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Next Read is "Kiss The Ground" by Josh Tickell.

I started a job in October trying to help farmers (and other people living on the land) practice . We've got to store that and save the world.

I read Kiss the Ground (and other literature) and I get so angry. As a species we're sinking into climate destruction and still, the world's largest countries (looking at you, ) can't take dramatic action. Only 53% of the country thinks is major problem; only 49% think humans have something to do with it. This is the struggle of our time and, collectively, we're asleep.
pewresearch.org/science/2020/0

I like this author's method of starting each chapter of his nonfiction book in the first-person present tense.

"[David] explains that the per acre yield or corn has skyrocketed since his grandfather's day. His granddad was lucky to get around thirty or forty bushels per acre. In contrast, today in the noisy combine 'we' harvested around 150 bushels per acre - and some of thr farmers he knows are pulling in up to 180."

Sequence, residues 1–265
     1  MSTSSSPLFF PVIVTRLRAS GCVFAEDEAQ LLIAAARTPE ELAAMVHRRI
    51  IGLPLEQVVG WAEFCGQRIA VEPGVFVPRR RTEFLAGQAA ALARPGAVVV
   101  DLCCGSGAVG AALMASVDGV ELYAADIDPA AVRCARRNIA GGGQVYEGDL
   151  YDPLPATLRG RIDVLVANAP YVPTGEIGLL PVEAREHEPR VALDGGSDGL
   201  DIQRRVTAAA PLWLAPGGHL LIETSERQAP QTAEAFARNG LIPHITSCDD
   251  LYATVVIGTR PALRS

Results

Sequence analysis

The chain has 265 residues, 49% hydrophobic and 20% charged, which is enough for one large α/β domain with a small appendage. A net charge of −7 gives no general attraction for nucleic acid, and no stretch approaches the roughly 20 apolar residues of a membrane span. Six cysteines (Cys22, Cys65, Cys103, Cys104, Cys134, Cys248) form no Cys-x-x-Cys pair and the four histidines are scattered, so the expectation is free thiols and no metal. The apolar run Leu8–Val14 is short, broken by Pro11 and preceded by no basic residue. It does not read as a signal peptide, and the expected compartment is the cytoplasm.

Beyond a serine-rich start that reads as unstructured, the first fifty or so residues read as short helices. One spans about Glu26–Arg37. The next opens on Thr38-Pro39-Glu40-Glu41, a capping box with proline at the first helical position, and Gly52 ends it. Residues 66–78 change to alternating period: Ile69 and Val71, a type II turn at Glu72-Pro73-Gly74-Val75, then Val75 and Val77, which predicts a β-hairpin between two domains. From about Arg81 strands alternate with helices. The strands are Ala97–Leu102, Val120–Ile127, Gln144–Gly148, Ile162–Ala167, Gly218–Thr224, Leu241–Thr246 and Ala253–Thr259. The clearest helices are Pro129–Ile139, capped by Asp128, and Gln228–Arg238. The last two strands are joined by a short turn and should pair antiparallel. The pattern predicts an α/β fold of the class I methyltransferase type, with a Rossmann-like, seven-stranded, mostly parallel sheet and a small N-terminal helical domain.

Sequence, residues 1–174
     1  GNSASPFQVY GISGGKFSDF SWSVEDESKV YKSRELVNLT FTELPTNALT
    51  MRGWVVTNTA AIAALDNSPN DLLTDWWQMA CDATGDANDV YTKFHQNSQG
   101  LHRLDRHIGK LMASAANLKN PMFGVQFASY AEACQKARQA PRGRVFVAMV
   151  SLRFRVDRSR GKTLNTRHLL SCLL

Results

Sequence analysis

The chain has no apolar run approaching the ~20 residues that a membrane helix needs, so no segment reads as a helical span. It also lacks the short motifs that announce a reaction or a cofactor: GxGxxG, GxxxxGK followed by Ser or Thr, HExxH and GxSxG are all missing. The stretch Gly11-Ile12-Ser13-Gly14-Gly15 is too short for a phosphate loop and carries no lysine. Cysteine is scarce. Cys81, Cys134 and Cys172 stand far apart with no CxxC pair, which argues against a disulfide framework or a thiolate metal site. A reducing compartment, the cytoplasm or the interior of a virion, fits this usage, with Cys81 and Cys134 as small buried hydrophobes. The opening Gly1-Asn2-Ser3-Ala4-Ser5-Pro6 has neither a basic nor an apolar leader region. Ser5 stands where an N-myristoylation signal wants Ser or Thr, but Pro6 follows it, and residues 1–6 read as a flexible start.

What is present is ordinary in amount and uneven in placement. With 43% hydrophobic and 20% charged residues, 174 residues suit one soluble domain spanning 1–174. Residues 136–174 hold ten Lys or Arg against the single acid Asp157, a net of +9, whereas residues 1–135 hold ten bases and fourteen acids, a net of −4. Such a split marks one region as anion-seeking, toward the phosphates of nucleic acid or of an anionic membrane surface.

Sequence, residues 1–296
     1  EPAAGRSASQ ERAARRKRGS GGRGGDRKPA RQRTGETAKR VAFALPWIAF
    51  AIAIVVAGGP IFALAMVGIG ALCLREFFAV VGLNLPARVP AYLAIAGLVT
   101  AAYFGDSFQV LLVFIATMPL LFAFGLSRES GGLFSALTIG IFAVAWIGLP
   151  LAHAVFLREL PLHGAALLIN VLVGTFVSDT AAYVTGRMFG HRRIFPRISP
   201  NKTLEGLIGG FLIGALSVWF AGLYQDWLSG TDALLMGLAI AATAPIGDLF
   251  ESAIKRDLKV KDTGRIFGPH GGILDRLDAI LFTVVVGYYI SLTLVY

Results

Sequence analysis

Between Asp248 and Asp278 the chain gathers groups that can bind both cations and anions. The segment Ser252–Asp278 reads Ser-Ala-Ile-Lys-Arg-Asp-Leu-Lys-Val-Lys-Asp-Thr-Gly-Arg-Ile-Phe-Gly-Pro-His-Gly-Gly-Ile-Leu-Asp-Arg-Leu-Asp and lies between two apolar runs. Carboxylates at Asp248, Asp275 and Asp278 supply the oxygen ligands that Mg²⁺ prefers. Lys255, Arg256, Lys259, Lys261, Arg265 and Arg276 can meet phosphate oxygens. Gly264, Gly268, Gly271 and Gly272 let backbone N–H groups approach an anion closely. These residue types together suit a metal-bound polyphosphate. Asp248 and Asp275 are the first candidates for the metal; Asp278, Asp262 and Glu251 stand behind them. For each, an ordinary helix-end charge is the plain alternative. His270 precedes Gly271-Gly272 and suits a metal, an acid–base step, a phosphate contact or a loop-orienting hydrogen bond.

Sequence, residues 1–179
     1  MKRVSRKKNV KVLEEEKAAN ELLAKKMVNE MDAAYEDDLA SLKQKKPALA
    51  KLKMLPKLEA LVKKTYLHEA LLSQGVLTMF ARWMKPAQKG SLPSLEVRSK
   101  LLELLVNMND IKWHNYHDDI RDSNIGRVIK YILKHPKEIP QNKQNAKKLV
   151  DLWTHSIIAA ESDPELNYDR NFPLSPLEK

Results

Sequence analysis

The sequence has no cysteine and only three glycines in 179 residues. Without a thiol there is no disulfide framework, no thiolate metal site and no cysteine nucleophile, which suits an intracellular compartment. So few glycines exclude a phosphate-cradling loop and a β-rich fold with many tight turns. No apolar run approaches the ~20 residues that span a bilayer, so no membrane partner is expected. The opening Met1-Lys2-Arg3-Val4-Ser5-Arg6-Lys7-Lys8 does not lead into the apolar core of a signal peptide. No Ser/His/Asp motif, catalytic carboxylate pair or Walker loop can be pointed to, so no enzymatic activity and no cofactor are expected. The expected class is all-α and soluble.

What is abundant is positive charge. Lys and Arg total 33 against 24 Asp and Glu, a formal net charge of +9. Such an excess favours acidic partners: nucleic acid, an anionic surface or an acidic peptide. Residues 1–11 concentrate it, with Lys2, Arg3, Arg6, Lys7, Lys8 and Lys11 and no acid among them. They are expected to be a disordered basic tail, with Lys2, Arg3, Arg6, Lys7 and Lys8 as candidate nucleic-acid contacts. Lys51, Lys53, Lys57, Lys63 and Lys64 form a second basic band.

"When asked about the inputs and the investment needed to squeeze that kind of productivity from the ligand, David they've all gone up too. Farm chemistry can get complicated but the basic roles of application, he says, are simple. The more dry weight of corn (or soy beans) you want, the more pounds of nitrogen (N), phosphorus (P), and potassium you add. But along more inputs only works up to a point which is called your 'maximum yield' (MY)."

"And gauging exactly where that point is so you don't spend unnecessary money on inputs? Well, says David, that's somewhere between a 'scientific guess' and a 'lot of prayin.'"

"He explains that the band numbers for application break down as follows. To grow an acre of corn today you apply around 140 pounds of ammonium nitrate (nitrogen), around sixty of phosphate (phosphorus), and around eighty pounds of potash (potassium). Added to that are about two to three points power acre of herbicides (like glyphosate, the primary chemical Roundup), insecticides, and/or fungicides."

"America loses about two farms every hour, twenty-four hours a day, 365 days a year."

"In other words, the great efficiency of modern now makes it possible for every 1 farmer to feed 317 nonfarmers. It's really a miracle."

"The first barrier to unlimited acres of the same crop was pests, the second weeds, and the third fungus. Without balanced soils, which have inside them all the microbial life needed to support plants, nature will cull a crop. In naturue, diversity is the norm, not the exception, so an ecosystem in a systate of unbalance (too much of the same plant) will, through bugs, weeds, plant disease, et cetera, attempt to restore itself to balance (diversity)."

This book is fantastic. I know the barest outlines of U.S. agricultural history, and "Kiss the Ground" tells it with humor, drama, and loads and loads of concrete facts. I'm really getting a lot out of it, and it's not a slog to get through.